Ninth Day of Christmas: A Sign Seals Covenant

January 3, 2014

When I found out it was lung cancer that was making me sick, a friend from church wrote a sweet note saying, “Welcome to the club nobody wants to join.” In the ensuing days and weeks, others who have traveled this road have come to my attention, sharing from their experiences and welcoming me into a community of people with survivor instincts. Their words of advice and comfort have been particularly meaningful to me.

I have also discovered in this process that milestones must be celebrated with some kind of ritual, just for fun, yes, but to mark progress and to acknowledge what is happening. For instance, the night before I started chemo, we enjoyed fellowship with friends—among them several Presbyterian elders— who gather monthly for “family dinner.” They laid hands on me and prayed for the success of my treatment, according to James 5:13-15. (Prayers are being answered!) Last night I celebrated the end of Round 2 and its after-effects by going to a movie, my first one in months, and I didn’t fall asleep midway through! Woo-hoo! Moments like this must be marked, and we will continue the practice until cancer is a thing of the past in my life. When that day arrives, we’re throwing one heck of a party, I promise you.

Rituals and celebrations are a part of human experience, and this is nothing new. In Luke’s account of Jesus’ nativity, the angel pointed to an important Jewish milestone: on the eighth day after his birth, Jesus would be circumcised and officially named. Luke’s report was short and sweet:  “After eight days had passed, it was time to circumcise the child; and he was called Jesus, the name given by the angel before he was conceived in the womb” (Luke 2:21).

Circumcision at age eight days was ordained by God as a sign of the covenant between the chosen people Israel and God (Genesis 17:12). A particular scar marked those (males) who were dedicated to the Lord and welcomed into the household of faith. The mark was permanent and personal, individualizing the commitment of a people to YHWH. It would be fitting for God’s Son (and his earthly parents) to seal the proper understanding of Jesus’ role in God’s salvation by doing this. To omit it would have rendered his identity as “chosen” unrecognizable to the people he would be reaching as an adult.

Taking this formal opportunity to name the child was also part of the ritual. Some say waiting eight days before naming was recognition of the possibility the child might not survive birth; but after the first perilous eight days, it was now okay to embrace and welcome the baby. I’m not sure this is really the reason; I am more apt to take the Lord’s command at face value, which would put circumcision not in a utilitarian context but a faith-expressing context. It was one’s first rite of obedience to Almighty God. The naming of a child identifies him as a child of the covenant, set apart from the world unto the Lord in faith and service. This idea, by the way, is carried forward into Christian baptism of male and female infants, according to the Reformed Tradition.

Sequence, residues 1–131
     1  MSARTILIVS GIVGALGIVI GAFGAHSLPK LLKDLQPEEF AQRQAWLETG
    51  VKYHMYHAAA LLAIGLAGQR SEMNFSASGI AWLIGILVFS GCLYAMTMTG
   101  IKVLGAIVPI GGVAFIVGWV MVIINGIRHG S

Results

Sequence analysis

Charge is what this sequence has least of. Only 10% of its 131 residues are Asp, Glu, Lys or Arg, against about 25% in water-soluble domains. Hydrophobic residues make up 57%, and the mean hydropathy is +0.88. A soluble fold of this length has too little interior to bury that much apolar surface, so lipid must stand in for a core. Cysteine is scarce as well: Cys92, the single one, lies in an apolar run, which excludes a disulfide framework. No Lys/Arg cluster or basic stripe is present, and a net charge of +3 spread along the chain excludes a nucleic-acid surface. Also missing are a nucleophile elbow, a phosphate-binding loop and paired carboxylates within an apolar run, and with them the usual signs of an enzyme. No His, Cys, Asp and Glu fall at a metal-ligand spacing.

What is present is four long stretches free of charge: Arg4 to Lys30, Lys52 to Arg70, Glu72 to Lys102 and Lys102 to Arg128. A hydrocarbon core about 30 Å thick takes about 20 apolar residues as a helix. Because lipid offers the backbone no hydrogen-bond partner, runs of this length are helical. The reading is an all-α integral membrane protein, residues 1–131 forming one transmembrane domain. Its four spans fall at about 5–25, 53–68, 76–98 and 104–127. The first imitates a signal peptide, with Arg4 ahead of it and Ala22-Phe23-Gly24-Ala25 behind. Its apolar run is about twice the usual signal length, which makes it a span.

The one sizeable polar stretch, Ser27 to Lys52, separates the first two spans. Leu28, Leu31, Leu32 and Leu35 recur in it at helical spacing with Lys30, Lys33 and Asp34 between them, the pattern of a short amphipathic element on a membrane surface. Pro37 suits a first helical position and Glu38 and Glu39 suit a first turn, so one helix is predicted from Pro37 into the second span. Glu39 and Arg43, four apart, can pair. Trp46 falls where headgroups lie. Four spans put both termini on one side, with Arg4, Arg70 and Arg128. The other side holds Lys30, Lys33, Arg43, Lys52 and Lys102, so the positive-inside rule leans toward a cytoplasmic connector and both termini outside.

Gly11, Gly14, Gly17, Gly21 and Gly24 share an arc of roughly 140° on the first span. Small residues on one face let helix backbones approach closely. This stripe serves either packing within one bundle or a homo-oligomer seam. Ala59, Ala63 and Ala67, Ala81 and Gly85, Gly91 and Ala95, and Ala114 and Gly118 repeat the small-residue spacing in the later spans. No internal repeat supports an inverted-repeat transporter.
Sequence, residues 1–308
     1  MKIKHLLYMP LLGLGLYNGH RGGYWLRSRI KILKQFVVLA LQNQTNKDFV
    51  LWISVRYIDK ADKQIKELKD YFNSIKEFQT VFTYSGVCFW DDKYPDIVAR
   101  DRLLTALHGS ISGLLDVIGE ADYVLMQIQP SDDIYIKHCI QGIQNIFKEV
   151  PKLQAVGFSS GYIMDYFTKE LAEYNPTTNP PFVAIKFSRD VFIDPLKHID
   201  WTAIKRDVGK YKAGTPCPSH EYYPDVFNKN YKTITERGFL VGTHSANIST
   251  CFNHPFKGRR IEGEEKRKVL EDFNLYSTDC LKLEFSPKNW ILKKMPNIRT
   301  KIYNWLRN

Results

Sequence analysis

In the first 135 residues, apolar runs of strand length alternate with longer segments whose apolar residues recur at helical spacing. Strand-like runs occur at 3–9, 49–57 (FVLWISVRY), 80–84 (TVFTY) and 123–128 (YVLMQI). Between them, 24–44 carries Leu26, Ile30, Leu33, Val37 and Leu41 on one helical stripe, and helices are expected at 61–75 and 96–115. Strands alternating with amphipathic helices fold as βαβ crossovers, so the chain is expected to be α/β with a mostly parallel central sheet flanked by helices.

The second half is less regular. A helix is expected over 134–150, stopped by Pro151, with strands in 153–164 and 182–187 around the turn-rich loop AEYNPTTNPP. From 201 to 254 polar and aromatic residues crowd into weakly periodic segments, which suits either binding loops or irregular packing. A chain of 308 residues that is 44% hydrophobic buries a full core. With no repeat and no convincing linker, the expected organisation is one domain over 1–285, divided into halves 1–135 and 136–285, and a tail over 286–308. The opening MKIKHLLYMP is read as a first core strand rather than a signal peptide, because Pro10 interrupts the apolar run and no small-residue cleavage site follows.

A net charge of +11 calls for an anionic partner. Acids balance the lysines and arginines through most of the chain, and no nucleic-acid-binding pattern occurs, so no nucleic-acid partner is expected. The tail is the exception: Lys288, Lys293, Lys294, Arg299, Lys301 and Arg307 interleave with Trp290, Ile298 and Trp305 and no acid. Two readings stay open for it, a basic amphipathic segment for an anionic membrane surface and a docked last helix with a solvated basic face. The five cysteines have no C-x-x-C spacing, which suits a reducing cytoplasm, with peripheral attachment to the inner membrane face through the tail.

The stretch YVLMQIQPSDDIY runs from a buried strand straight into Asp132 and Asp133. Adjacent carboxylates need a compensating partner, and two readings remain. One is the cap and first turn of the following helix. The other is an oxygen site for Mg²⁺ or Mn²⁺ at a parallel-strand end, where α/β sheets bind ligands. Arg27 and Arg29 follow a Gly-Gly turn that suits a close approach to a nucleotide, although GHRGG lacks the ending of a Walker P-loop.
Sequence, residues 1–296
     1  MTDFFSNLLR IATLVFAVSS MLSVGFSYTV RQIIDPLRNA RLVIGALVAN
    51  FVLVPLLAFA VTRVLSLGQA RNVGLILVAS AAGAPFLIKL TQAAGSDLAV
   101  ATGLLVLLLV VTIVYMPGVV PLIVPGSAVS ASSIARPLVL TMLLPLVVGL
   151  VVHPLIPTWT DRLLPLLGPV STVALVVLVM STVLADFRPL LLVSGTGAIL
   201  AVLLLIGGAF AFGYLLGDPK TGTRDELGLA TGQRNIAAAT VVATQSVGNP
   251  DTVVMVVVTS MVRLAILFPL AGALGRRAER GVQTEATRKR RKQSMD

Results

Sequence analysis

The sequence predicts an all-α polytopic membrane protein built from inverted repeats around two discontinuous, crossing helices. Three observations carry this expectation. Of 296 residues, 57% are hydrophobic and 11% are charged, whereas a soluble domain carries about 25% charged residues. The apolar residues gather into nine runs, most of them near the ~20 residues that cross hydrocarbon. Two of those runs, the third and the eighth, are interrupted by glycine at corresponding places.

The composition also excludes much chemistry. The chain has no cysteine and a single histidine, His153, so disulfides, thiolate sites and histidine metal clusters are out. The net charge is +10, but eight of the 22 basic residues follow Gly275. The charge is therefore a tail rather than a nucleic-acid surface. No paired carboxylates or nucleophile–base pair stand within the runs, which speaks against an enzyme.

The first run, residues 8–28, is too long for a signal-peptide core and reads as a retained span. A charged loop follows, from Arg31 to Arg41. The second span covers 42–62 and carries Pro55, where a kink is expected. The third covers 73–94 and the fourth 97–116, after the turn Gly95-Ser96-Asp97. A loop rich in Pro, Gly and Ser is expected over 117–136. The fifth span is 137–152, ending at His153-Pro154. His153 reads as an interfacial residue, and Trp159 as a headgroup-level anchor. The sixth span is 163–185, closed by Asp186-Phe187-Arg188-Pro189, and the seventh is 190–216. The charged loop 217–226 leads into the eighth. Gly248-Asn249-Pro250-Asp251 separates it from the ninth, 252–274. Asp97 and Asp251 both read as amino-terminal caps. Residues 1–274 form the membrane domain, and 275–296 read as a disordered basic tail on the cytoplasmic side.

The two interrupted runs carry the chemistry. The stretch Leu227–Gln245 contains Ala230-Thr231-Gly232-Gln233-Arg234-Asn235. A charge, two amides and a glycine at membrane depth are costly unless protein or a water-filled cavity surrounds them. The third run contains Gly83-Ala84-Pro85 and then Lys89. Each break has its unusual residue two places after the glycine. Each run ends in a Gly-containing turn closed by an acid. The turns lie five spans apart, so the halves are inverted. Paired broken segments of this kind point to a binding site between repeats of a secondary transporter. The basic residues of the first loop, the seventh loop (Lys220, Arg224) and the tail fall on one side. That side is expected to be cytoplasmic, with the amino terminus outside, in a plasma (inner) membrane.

Later, Jesus would be baptized with John’s water baptism at the Jordan River. At that time, Jesus would be identified as God’s Son (“with whom I am well pleased”) and propelled into ministry as a result (Luke 3:21f; 4:1-19). This practice carries forward the idea that with chosen-ness comes commission; to be named Yeshua (God saves) indicates Christ’s calling as the Messiah and Savior, which required obedient action on his part throughout his lifetime, culminating of course in his sacrifice on the Cross for our sins.

And so it is with us. When we were named “Christian” at baptism and confession of our faith (either concurrently or as two separate events), we were marked with the seal of the Holy Spirit, a circumcision of the heart (Romans 2:29). It is important for Christian adults to mark important moments in their faith development to keep track of their spiritual progress. These are dates of our choosing, not those dictated by Law. They might include what the church has called confirmation; but even birthdays will do, or days in the church year, or reception as a new member in a congregation. Holy days on your personal Christian calendar might include those occasions when you made a new faith commitment in service or ministry (like ordination) or upon the birth of your own child, a commitment to faithful Christian parenting. These moments carry all the way to our deaths, when in the company of the saints we celebrate the Resurrection of Jesus Christ and his faithfulness in the life of this one believer. The need for “ritual” to mark realities also has included in the Catholic Church the “sacrament of the sick,” or the anointing with oil, the laying on of hands, and the prayer for those who suffer illness. It is that lovely action that I fully appreciate, now that I am sick and in need of signs of progress. I for one look forward to the next “family dinner” that will occur the night before Round 3 of chemo begins January 13. Let the celebration begin!



3 Responses to “Ninth Day of Christmas: A Sign Seals Covenant”

  1. emd5542 Says:

    Thank you for this message and all your blogs, RevMary, which I am pleased to share with others [engaging the process and leaving the product to God]. Just one additional remark: Getting outta the house indeed carries healing properties. ‘Tis wonderful you enjoyed a movie with family and I’m praying you enjoy many more such outings while angels surround you as the medicine does its job.

  2. L. Lee Says:

    Rev Mary,

    Thanks for sharing. Just want you to know how much your
    sharing means to me and to so many. Praying for you too.

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